The dismissive exclamation meh has been cropping up all over recently (see Ben Zimmer’s Language Log post); it was popularized by The Simpsons, but it goes back before that, and Nathan Bierma has done a Chicago Tribune column on it (here‘s an American Dialect Society Mailing List posting of the column in case the first link is inaccessible for any reason). Here’s the heart of it, as far as etymology is concerned:

The Simpsons get credit for helping “meh” go mainstream, but they didn’t invent the word; the show just brought it out from some hidden corner of the culture. As early as 1992, “meh” shows up on a fan discussion board for the show “Melrose Place.” “Is [he] cute?” one fan asks about a character. Another writes back: “Meh .. far too Ken-doll for me.”
That’s one of the earliest available written examples of “meh,” but the word probably existed in speech long before. How long? That stumps etymologists.

But Nathan writes me that after the column appeared, he got an e-mail from a correspondent who said it sounded to him like a variant of the Yiddish “mnyeh,” to which Leo Rosten apparently devoted considerable space in Hooray for Yiddish (which I don’t own), and googling tells me that the suggestion was made over two years ago in this IRC log from 2/28/2005:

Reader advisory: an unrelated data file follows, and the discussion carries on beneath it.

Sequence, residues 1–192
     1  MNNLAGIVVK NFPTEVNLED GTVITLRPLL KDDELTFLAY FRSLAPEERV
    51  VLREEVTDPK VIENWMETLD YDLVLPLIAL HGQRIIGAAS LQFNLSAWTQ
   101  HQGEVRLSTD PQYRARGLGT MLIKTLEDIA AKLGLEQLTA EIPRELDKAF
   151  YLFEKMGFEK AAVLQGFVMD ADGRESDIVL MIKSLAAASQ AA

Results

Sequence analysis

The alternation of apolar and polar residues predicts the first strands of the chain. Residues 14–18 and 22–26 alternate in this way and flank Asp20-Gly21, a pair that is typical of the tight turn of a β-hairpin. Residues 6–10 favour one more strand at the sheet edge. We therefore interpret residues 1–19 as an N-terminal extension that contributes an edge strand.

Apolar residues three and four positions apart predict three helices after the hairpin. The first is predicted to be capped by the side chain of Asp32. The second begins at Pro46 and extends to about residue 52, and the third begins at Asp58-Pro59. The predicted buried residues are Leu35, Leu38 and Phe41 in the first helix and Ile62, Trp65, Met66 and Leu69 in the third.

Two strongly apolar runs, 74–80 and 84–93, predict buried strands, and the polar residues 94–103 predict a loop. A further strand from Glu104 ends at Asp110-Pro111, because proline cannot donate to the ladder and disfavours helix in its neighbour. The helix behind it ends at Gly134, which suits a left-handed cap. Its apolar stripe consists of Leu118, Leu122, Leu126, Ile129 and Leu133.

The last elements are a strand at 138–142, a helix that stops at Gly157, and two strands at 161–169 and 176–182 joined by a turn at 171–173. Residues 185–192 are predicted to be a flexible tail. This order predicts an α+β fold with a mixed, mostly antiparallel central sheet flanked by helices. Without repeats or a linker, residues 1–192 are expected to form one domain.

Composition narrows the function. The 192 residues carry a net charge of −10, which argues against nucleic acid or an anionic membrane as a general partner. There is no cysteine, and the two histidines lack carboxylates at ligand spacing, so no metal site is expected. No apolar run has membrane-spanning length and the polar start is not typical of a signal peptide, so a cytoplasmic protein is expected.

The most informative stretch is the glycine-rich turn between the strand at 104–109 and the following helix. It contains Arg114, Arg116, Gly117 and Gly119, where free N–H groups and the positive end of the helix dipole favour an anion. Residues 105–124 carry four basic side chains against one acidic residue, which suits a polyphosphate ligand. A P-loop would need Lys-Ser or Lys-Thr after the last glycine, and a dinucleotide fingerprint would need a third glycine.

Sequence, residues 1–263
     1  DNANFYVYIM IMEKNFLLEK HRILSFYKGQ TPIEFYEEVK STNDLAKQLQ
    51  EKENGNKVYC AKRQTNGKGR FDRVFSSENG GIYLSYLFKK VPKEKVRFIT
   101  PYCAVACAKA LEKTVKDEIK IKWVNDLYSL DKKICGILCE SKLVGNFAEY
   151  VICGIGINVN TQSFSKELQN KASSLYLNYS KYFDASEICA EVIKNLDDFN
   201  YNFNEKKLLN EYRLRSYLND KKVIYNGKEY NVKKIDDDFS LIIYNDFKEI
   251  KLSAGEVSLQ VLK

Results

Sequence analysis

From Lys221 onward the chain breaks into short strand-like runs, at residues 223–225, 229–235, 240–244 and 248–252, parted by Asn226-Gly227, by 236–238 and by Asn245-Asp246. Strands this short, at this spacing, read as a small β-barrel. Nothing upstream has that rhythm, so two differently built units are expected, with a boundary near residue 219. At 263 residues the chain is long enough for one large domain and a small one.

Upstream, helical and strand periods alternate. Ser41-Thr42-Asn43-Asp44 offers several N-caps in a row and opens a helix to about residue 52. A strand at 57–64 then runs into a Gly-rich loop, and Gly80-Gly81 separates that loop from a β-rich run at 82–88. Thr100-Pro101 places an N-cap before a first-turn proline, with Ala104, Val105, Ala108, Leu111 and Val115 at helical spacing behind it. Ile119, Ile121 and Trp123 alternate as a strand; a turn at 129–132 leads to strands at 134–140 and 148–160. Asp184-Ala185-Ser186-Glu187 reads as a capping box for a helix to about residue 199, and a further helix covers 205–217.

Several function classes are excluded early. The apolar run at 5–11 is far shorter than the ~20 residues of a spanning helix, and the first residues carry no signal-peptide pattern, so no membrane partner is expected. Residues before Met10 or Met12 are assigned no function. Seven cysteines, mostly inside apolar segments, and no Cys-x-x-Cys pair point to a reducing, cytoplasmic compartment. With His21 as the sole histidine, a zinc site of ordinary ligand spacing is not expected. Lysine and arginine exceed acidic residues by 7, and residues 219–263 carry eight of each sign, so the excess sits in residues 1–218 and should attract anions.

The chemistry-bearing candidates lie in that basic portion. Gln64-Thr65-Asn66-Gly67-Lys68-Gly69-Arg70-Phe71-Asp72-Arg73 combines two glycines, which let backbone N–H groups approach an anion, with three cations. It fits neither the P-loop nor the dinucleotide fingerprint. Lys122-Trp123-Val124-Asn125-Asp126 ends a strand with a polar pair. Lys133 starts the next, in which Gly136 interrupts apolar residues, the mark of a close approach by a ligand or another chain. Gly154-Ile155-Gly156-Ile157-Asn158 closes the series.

21:17:32 <sbp>
21:17:39 <sbp> via
21:17:44 <sbp> but again, not easy to use*
21:17:59 <jcowan> Looks like an anglicized form of “mnyeh”.

I think that’s extremely plausible, and I look forward to seeing the results of serious etymological research (which should certainly involve trawling fifty-year-old issues of Mad, where I’m pretty sure I learned about “mnyeh” as a goyish youth).


My recent immersion in multinational Alexandria has turned up some interesting sources; I’ll link to a couple of them here.
Racheline Barda’s “Egyptian Jewry in modern times” (.doc file, HTML cache) begins with a description of the varied origins of the community:

The face of the small indigenous Jewish community of 5-7,000 at the beginning of the 18th century, was therefore dramatically altered by the newcomers’ diverse ethnic backgrounds and was gradually transformed into a multicultural and multilingual mosaic. As a matter of fact, the Jews of Egypt’s main characteristic was their diversity, diversity in culture, ethnic origins, nationalities, rituals and languages.